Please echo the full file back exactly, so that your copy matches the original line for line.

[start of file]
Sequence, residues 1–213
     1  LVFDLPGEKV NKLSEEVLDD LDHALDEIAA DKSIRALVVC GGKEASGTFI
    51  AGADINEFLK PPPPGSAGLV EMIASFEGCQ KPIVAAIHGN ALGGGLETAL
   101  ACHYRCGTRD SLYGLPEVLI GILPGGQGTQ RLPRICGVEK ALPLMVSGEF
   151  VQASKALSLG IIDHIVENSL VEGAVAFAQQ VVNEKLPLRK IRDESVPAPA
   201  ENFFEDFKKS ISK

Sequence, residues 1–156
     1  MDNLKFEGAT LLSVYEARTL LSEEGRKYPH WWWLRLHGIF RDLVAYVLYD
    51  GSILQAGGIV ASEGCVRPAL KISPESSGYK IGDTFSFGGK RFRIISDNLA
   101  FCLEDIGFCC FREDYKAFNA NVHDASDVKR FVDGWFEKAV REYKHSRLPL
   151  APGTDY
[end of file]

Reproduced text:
Sequence, residues 1–213
     1  LVFDLPGEKV NKLSEEVLDD LDHALDEIAA DKSIRALVVC GGKEASGTFI
    51  AGADINEFLK PPPPGSAGLV EMIASFEGCQ KPIVAAIHGN ALGGGLETAL
   101  ACHYRCGTRD SLYGLPEVLI GILPGGQGTQ RLPRICGVEK ALPLMVSGEF
   151  VQASKALSLG IIDHIVENSL VEGAVAFAQQ VVNEKLPLRK IRDESVPAPA
   201  ENFFEDFKKS ISK

Sequence, residues 1–156
     1  MDNLKFEGAT LLSVYEARTL LSEEGRKYPH WWWLRLHGIF RDLVAYVLYD
    51  GSILQAGGIV ASEGCVRPAL KISPESSGYK IGDTFSFGGK RFRIISDNLA
   101  FCLEDIGFCC FREDYKAFNA NVHDASDVKR FVDGWFEKAV REYKHSRLPL
   151  APGTDY